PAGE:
• When your child first starts flossing, there may be a little bleeding, but it should stop once flossing becomes a regular habit.
  • Flossing once a day is ideal, but a few times a week will do.

Thanks for voting Arkansas Dentistry & Braces Best In NWA!

Arkansas Dentistry & Braces is proud to have been voted the #1 orthodontic practice in NWA! Thank you to our orthodontic patients that nominated us!

Arkansas Dentistry & Braces not only provides braces and orthodontic care, we also provide dental exams, dental cleanings, fillings, crowns, implants and oral surgery. Arkansas Dentistry & Braces can be your home for complete dental care.  

Thank you for voting Arkansas Dentistry & Braces Best in NWA!

Best Orthodontist Seal

What Braces Were Like

When Grandma Wore Braces

If you asked your grandparents about what braces were like in the good old days, they would tell you those days weren’t so good.

Although rudimentary orthodontics have been around for a long time, straightening teeth only became a professional endeavor in the twentieth century. If your grandmother had braces in the 1940s, they were probably made of gold, because its softness made it malleable. But that softness meant frequent visits to the orthodontist for painful readjustments. And gold was more expensive than it is today.

In the 1950s, wearing braces became really popular, even a status symbol. Check out pictures in high school yearbooks from those days, and you can count dozens of metal mouths. Typical braces were thick bands of stainless steel that wrapped completely around each tooth, covering most of the enamel. Just a thin, white sliver of teeth showed above the band, and brushing those bands and wires was a laborious task. Wires loosened easily, and patients had to go at least once a month to the orthodontist for painful tightening. What’s worse, treatment times were often 4 to 8 years, while today most patients wear braces for 1 to 3 years.

Why were treatment times so long? Orthodontists didn’t have good diagnostic tools. They were just beginning to use X-rays, but even with them, doctors had to do a lot of guesswork. They used rulers and protractors to make drawings and plan their work, cutting and pasting images that they thought would fit an individual’s face structure. Because they were operating on educated guesses, they frequently had to make adjustments to their plans. Now, orthodontists have in their diagnostic arsenal panoramic X-rays, moldings of bite impressions, 3-D modeling and other sophisticated tools. These allow them to create a predictable treatment plan.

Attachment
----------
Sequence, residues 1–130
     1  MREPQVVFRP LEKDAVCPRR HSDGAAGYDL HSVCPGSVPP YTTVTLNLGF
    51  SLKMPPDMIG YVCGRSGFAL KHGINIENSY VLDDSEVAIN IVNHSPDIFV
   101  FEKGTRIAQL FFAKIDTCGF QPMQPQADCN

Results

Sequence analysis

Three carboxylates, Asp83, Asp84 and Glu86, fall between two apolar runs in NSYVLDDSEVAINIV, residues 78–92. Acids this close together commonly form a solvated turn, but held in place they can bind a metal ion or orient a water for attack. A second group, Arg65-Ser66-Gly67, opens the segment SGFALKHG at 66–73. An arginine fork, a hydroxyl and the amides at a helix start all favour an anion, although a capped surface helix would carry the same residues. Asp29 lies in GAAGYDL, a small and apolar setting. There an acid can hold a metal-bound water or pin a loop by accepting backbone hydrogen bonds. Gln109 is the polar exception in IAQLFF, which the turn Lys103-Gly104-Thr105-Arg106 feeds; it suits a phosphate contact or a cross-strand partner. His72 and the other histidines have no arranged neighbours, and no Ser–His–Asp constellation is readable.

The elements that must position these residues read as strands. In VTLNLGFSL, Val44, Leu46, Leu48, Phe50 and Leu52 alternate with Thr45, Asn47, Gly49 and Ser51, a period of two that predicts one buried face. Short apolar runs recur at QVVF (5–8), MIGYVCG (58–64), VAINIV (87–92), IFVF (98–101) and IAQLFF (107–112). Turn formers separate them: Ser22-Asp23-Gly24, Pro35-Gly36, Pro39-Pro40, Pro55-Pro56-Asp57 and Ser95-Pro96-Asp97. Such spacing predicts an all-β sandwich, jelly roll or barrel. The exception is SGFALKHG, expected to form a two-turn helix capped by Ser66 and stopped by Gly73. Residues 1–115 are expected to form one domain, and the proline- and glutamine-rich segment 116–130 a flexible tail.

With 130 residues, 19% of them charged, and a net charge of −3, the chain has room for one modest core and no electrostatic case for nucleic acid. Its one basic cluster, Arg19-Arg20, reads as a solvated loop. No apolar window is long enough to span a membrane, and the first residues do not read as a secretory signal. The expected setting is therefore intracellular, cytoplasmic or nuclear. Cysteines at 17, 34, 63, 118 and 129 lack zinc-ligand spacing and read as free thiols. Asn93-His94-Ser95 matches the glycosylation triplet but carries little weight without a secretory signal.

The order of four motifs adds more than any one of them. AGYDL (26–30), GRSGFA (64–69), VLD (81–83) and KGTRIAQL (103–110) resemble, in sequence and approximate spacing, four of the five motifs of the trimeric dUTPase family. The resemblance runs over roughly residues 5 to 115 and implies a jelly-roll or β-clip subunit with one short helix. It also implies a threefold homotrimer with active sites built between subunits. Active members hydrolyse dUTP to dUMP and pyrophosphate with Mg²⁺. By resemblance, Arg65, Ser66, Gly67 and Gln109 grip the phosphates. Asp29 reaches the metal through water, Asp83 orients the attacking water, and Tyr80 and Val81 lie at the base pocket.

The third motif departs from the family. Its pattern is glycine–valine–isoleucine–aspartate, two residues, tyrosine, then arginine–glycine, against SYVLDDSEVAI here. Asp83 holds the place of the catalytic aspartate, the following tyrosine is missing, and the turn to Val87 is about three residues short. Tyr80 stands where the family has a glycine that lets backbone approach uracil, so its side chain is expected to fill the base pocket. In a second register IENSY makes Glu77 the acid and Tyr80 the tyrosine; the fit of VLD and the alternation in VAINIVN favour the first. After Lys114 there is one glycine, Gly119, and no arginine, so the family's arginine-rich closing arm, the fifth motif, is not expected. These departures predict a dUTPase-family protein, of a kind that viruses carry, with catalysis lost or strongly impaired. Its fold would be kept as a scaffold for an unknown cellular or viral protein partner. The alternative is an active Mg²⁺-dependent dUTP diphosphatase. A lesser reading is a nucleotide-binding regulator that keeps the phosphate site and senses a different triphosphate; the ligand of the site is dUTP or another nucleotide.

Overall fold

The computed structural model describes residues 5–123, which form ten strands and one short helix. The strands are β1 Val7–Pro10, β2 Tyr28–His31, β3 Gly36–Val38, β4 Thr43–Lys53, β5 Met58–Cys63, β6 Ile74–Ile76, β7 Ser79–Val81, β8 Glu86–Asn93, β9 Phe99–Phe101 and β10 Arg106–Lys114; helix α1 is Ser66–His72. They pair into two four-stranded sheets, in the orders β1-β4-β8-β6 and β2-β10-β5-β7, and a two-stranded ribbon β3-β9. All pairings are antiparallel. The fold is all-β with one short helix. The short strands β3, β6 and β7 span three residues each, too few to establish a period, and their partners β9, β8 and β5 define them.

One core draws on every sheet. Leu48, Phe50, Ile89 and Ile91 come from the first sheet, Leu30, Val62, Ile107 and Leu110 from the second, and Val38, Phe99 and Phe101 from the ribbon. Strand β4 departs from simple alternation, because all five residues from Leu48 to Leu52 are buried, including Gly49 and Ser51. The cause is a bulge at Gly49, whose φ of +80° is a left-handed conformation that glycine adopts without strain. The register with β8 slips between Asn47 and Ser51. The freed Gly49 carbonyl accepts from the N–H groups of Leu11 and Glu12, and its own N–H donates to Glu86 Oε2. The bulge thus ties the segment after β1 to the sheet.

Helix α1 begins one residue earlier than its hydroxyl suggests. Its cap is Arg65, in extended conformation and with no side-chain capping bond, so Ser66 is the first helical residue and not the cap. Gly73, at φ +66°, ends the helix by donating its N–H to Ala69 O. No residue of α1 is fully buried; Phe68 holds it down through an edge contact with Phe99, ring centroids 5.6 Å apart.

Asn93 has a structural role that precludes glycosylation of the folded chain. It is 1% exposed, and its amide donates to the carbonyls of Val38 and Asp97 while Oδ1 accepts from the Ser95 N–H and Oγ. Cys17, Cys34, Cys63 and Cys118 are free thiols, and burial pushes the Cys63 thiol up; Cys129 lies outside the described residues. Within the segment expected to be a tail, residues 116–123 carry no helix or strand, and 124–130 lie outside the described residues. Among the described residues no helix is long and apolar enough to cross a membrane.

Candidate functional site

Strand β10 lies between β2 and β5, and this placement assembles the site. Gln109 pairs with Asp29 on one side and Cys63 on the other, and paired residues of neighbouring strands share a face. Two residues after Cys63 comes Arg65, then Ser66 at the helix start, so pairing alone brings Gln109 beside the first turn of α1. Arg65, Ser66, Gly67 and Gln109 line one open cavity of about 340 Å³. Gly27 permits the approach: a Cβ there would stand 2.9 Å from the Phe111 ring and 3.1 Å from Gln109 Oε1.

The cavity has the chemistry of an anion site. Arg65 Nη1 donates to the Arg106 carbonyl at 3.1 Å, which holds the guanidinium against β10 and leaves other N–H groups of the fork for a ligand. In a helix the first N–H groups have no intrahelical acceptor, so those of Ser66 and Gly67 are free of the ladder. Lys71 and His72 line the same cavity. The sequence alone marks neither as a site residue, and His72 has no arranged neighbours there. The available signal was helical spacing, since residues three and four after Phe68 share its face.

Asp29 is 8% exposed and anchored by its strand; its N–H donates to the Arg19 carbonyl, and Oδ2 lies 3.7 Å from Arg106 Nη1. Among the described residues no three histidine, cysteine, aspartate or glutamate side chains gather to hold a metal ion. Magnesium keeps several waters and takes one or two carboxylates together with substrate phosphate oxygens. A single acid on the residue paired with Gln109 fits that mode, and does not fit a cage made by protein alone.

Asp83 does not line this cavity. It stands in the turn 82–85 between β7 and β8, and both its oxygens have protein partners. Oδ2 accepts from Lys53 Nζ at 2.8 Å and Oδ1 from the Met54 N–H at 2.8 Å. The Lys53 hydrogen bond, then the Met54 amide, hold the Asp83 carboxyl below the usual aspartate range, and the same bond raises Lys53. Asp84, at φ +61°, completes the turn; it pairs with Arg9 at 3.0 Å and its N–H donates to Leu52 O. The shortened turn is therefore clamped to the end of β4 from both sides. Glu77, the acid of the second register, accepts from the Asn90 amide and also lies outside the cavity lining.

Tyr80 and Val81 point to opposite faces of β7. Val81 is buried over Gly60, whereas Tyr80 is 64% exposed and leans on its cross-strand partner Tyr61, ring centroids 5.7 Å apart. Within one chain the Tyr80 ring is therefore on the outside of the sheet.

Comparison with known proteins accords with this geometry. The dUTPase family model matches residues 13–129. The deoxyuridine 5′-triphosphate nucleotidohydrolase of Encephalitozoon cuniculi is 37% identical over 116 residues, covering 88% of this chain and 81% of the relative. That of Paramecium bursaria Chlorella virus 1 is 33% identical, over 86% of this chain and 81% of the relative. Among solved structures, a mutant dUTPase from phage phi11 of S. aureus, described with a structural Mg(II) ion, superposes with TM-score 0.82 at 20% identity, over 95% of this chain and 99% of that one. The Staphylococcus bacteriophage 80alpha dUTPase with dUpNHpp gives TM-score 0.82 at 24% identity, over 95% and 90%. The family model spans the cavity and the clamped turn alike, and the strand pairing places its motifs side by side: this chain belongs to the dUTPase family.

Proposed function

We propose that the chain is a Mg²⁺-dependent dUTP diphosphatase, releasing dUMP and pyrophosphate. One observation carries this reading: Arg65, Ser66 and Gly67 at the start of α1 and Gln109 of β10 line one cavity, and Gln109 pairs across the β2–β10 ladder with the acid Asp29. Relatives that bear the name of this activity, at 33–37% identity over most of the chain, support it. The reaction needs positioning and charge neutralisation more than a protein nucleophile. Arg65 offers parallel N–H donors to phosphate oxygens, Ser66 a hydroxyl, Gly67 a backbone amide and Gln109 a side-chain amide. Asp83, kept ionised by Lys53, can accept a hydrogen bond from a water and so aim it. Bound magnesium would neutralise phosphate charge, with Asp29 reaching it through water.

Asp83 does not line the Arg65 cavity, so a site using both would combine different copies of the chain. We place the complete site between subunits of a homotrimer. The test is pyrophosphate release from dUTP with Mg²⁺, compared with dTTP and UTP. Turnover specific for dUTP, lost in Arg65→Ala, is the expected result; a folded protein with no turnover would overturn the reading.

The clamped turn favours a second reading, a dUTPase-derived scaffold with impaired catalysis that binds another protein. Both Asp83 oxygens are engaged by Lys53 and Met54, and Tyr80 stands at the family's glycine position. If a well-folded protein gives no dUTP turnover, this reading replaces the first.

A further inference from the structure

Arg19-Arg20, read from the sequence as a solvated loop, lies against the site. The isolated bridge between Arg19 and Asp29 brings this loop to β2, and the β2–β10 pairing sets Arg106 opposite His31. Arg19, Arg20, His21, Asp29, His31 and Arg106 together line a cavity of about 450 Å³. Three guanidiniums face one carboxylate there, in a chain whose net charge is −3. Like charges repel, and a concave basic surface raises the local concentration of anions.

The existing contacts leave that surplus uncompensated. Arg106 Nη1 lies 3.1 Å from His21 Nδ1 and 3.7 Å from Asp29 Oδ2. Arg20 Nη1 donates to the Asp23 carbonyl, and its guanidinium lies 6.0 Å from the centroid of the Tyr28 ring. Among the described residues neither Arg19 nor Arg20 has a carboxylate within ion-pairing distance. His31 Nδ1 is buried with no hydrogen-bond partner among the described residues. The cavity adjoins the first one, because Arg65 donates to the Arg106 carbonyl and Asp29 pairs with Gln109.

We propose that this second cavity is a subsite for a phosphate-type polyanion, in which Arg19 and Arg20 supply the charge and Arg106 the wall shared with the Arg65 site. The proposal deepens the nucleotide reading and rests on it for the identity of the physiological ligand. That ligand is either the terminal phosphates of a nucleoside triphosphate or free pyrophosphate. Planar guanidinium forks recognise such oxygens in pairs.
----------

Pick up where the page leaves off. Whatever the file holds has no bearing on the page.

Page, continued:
Back then, orthodontists extracted new permanent teeth when there was no space for them to grow straight in the patient’s mouth. Braces couldn’t create space, so removal was the only solution. Today, if a child is first evaluated at a young age (7 to 9) when facial bones are more plastic, the orthodontist can use a variety of devices to widen or reshape the dental arch so that the patient can retain all of his or her permanent teeth.

In the old days, rubber bands were frequently used to attach braces on the upper teeth to those on the lower. Shaped like tiny miniature doughnuts, the user would struggle to get them on and they would often pop off in the process, flying across the room, or they would break when stretching them to fit onto the braces. Patients back then had to carry packages of rubber bands to be sure they had enough, and they had to be removed to eat and then new ones put on.

Today, there are no more rubber bands, no more night-time head gears which held retainer type devices in place. Bands no longer cover teeth. They are much smaller, lighter in weight and come in many colors. Other modern options include lingual braces that attach to the teeth on the inside of the mouth or Invisalign, clear removable aligner trays that are changed every two weeks.

Wires are no longer stainless steel. They are typically heat-activated nickel titanium that warm to body temperature as they move teeth in anticipated directions. They don’t need adjustment as frequently as steel wires.

When it comes to orthodontics, things have improved a lot since the time grandma and grandpa were young. Braces now are less noticeable, offer greater comfort, need fewer orthodontic adjustments, and work more quickly.

Preventing Tooth Decay While Wearing Braces

“I have had braces for about two years. I admit that about 70 percent of the days I’ve had them I haven’t brushed more than once a day,” a teenager says in an online forum. He goes on to wonder if he can hold off tooth decay if he were to brush more often. If he came to us, we’d tell him that the answer is “yes,” but there’s also more he could do.

Since food gets stuck in unseen places on teeth when braces surround them, cleaning teeth requires both frequency and special tools. Here are some suggestions:

  • Brush after every meal or big snack. The less time food sits on your teeth, the less likely it will cause decay.
  • Use a soft bristle brush at a 45 degree angle or an electric toothbrush, which we frequently recommend because it allows you to easily brush each tooth individually. Be sure to brush all sides of your teeth. Fluoride toothpaste is best.
  • Use a floss threader or a proxabrush to clean between braces and under wires.